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There's an old puzzle (but the physical it is):

Lumberjack chop wood and float it down the river. He noticed an interesting feature: in the spring, when the water is comming, timber is nailed to the shore. In the hot summer, when the water lowers, timber, by contrast, floats exactly in the middle of the river. Why is that?

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2 Answers 2

Probably the shape of the river.

Water flows fastest in the middle of the river and so it is likely that it will have eroded a deeper steeper sided channel there. In the summer when the river is wider a lot of the width of the river will be over the shallow flatter areas along the bank - where the water flows more slowly.

So in the winter it's a faster v shaped channel - in the summer a broad flatter slower channel.

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Thanks, you have suggested an idea to me. Since speed of the river in the middle of a channel is more, when water arrives (or decreases) that it occurs faster, than at coast. Therefore the hump in the spring (water arrives) is formed and logs roll down to coast, in the summer (water decreases) - on the contrary. –  maksb Nov 9 '11 at 14:58

I believe the answer has to do with currents perpendicular to the main flow of the river. In temperate climates, lakes freeze over winter; in the spring, the lake "turns" because the melting ice water is colder than the insulated under layers. In a river, you might not get such a dramatic movement all at once, but you might still get some of the same effect.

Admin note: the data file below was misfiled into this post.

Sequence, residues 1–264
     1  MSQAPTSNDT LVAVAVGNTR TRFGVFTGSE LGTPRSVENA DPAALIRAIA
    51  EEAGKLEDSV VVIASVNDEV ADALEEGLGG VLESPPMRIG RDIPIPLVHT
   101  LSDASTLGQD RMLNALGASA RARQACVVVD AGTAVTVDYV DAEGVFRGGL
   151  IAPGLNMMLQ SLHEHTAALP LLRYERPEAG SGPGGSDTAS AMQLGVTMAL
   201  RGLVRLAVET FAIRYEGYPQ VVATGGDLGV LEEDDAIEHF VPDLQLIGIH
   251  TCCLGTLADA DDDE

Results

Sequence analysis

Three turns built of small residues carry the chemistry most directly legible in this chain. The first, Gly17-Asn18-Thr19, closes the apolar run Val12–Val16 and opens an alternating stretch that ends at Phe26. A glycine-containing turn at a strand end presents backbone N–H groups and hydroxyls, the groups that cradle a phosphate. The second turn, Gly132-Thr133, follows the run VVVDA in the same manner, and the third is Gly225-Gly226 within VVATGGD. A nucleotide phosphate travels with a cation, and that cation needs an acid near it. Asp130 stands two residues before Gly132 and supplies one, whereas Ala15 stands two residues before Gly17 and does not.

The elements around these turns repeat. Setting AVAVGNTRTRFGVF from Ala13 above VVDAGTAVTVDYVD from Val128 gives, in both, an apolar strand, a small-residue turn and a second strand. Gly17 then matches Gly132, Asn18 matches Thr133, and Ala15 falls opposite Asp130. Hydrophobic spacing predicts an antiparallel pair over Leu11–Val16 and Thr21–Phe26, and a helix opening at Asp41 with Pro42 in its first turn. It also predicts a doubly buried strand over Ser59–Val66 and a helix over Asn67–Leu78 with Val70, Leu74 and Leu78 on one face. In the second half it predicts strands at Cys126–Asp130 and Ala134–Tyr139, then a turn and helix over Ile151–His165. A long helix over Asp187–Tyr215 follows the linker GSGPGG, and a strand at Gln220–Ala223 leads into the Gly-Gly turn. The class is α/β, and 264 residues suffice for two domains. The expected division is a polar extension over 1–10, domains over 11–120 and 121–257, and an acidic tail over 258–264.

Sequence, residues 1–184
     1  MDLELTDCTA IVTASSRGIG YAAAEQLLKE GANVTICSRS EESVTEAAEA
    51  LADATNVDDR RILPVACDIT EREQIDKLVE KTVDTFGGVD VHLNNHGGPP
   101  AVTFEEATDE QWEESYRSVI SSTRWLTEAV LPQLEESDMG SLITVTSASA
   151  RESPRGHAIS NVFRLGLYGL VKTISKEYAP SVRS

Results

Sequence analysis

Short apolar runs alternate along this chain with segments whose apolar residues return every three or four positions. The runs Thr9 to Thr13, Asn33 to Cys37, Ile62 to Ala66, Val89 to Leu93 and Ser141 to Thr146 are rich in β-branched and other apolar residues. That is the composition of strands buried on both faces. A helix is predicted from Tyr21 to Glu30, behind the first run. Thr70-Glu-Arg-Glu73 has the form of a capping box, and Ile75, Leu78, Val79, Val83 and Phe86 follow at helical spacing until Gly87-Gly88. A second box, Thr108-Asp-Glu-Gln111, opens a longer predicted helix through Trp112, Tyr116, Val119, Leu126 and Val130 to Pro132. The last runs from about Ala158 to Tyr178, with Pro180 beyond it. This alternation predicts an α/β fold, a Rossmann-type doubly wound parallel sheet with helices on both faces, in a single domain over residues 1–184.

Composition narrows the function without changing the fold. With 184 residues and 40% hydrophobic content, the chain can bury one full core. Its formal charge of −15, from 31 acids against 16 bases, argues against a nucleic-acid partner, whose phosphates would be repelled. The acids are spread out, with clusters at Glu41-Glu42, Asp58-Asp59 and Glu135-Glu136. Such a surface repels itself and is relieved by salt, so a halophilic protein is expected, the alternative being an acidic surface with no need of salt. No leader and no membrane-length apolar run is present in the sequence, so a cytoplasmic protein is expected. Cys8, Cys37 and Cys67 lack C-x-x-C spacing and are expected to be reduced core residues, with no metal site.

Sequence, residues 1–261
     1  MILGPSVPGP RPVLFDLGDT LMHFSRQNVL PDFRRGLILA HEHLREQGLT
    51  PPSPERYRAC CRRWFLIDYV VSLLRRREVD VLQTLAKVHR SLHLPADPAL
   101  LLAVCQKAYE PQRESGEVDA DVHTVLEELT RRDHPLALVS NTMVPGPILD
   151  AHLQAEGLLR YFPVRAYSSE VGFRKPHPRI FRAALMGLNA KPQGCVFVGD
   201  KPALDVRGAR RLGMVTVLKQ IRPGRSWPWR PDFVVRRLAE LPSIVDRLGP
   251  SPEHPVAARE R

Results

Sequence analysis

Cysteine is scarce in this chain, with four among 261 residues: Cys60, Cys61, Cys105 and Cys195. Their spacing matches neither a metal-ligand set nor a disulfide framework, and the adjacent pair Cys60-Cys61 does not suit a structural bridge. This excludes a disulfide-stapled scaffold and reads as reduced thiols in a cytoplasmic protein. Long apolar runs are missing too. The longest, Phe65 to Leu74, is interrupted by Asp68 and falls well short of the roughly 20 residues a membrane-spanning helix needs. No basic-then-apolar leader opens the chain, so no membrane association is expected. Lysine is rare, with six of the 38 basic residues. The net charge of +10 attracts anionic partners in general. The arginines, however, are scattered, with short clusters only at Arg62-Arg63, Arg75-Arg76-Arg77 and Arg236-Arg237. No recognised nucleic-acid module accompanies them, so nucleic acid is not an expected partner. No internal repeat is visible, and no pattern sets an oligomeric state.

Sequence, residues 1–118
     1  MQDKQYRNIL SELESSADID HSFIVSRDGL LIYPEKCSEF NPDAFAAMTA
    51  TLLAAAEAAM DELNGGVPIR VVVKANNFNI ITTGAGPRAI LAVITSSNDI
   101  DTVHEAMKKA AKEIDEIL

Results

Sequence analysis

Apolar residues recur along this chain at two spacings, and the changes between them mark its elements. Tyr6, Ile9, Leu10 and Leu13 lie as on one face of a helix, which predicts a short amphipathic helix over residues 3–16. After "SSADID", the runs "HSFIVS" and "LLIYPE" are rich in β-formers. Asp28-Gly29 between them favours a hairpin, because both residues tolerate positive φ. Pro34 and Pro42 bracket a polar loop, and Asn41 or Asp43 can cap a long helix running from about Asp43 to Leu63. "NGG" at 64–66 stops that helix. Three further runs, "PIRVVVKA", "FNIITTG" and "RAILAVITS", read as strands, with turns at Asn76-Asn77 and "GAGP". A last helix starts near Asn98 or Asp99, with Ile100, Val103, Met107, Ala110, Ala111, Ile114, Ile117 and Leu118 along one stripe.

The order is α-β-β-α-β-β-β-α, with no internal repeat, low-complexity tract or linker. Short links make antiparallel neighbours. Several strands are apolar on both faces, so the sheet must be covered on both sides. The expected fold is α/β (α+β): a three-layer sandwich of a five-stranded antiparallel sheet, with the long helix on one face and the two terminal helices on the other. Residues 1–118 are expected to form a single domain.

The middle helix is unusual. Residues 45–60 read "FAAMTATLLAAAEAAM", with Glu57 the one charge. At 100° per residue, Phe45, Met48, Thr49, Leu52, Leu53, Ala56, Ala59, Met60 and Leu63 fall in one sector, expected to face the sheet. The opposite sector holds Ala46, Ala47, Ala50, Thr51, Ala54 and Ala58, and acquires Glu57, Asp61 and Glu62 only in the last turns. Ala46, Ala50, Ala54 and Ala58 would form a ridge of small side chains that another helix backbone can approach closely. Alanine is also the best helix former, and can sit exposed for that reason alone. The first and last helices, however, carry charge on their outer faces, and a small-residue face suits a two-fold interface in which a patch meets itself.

In the winter, the water is low and only the central channel is covered by water. It may be cold, but this land is warmer than the low banks that are frozen solid. When the snow melt comes, it fills the river so that the lower banks now form the edges of the riverbed. Since the central channel is warmer than the edges, the water naturally wells up from the center and sinks by the edges. This current would be enough to drive a floating object to the edges.

In the summer, the opposite occurs. The shallow portions of the river on the edges are warmer than the deep central channel. The perpendicular currents reverse and the log moves to the middle.

I've never studied this, but it sounds pretty darned reasonable to me. :)

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